In the meantime, I’m going to use all that practice focusing to good use on something specific.

– Crowe SeonSaengNim




When your day just plain stinks, find the meaning

I work for the government. On some days, my day – my job – my environment just stinks. This week has been like that.

I am just frustrated with how things work (or don’t work). I am feeling very unmotivated. I can’t see how the things I’m doing really matter.

It just stinks. Well, that’s how I was feeling today.

Do you ever have days like that? With your job? Your kids? Your spouse? Your business?

We all do.

So how do we get past that? How do we get back to where we can move forward. How do we get past just wanting to quit?

Find meaning.

Find something that you can move toward. The whole thing is still going to stink. Today, it just stinks. Tomorrow you may get past that. But today, it just stinks. But not all of it.

Find one thing about it that you can see as a meaning.

Find one thing that you can focus on to actually get excited about. Not the whole thing, just one thing.

The whole thing doesn’t have to mean something to you. The whole thing stinks right now, remember?

But if you can (and you can) find one small thing that is still meaningful.

In my job as a SQL programmer, I still love the actual code writing. So today (and many days) I just forgot about all the things that stink about my work environment and just focused on the code. I ended up having a great day at work. The coding means something to me. It means learning, improving, working through logic obstacles, and producing something useful.

So as you get in a funk with something in your life, change your focus. Stop thinking about the parts that stink, which may be most of it in that moment.

Focus on the little part that has meaning to you.


The touch that recalibrates

I noticed something strange the other day when I got off the train one morning on my way to work. There was a guy in front of me that got off the train and just before it pulled away, he reached out and touched it.

“Hmmm”, I thought. I’m not the only one that does that.

Quite often, when I get off the train, I walk alongside it and put my hand or finger on it. It’s always been a thing I do.

I do it with other things too, not just the train. As I move about, I regularly run my hand along stationary objects around me.

As I’ve tried to figure out why, I’ve developed a theory.

I think it’s a way to calibrate myself in my environment.

As any martial artist knows, awareness is key. Knowing where you are and where the things (and people) around you are is essential to awareness.

When I reach out to touch the things around me, I’m updating my data about where everything is.

It’s like when a dog tilts his head back and forth when he hears something he doesn’t quite understand. He’s gathering more information, from different angles and perspectives to calibrate himself.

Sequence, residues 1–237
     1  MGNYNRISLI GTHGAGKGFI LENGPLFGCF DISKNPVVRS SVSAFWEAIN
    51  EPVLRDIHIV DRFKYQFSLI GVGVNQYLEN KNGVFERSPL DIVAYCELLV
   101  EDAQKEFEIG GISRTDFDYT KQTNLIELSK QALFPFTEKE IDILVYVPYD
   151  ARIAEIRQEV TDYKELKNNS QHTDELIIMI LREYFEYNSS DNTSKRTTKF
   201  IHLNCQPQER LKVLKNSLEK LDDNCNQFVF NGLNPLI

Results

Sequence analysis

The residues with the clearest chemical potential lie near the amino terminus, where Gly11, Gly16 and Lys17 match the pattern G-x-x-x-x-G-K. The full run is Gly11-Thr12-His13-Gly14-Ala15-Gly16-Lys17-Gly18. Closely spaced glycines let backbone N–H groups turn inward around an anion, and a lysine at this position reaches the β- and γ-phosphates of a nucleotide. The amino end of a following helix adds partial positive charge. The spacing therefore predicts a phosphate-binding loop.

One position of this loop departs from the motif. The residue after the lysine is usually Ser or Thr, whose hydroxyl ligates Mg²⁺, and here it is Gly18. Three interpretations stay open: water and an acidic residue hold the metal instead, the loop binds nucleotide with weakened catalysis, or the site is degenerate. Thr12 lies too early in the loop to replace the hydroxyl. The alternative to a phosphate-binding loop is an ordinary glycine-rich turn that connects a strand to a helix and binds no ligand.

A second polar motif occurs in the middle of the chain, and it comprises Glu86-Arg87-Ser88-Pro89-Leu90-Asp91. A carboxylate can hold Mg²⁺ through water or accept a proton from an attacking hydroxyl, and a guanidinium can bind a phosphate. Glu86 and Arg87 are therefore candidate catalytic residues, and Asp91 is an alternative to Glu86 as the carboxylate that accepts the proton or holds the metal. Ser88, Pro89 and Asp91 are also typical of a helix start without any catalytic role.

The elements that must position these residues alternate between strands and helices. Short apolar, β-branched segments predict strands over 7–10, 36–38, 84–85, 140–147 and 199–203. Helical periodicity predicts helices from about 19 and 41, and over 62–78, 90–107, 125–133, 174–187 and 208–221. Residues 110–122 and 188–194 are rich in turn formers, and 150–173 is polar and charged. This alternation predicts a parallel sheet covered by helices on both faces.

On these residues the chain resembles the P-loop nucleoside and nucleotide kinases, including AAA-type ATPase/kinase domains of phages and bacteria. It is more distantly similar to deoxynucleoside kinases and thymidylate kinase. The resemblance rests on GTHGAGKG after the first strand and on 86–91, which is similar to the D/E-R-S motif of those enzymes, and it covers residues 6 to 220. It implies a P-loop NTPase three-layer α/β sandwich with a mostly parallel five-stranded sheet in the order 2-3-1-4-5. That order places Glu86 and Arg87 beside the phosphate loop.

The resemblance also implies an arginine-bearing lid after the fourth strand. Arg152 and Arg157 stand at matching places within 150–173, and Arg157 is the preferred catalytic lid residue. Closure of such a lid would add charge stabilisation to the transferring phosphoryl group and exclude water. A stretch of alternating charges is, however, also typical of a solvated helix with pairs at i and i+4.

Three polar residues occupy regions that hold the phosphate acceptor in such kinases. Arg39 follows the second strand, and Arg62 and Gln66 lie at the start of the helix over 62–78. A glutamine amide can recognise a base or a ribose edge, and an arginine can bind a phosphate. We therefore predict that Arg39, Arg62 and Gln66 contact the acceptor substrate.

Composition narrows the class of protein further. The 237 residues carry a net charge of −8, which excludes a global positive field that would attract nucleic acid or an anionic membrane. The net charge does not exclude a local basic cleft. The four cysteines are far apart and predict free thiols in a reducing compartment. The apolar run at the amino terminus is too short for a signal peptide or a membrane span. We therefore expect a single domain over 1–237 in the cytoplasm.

I also do things like stick my foot out behind me to locate a pole I’m standing in front of, or  back up until my backpack touches the wall I know is behind me.

All these things are a way for me to figure out where I am and where the things around me are.

So the next time you see someone touching things around them, or notice yourself doing it, think about it. Is it an awareness thing?

I think it just may be.


First I’m gonna, then I’m gonna

Think through every move.

As you practice and plan for any potential conflicts, one of the most important things you can do it break it down into steps.

If you’ve ever seen the movie The Last Samurai, you’ll remember a couple scenes where Tom Cruise goes over the upcoming battle in his head, move by move. Once the actual fight happens, he knows exactly what to do because he already went through each step and each next move.

We can (and should) do the same thing. Rather than just thinking of winning, we should think of exactly how.

By saying to ourselves “first I’m gonna, then I’m gonna” we can make a plan that actually is a plan.

As we see the details in our head, we can figure out ahead of time if one move will lead to the next, or if it will not be effective.

Sometimes  we don’t know how well something will work till we try it. And we don’t want to find out that something doesn’t work in the middle of a fight. We really want to limit ourselves to actions that have the highest chance of working.

So as you practice in the Do Jang, or just imagine scenarios in your head, make sure you list the steps. First I’ll do this, then I’ll do this. He’ll probably do this, which will set me up to do this.

Remember, the best plans are actually planned.


What goes down must come up

I went for a quick run at work today. I locked my computer and set out for just like five minutes of exercise. Just around my building.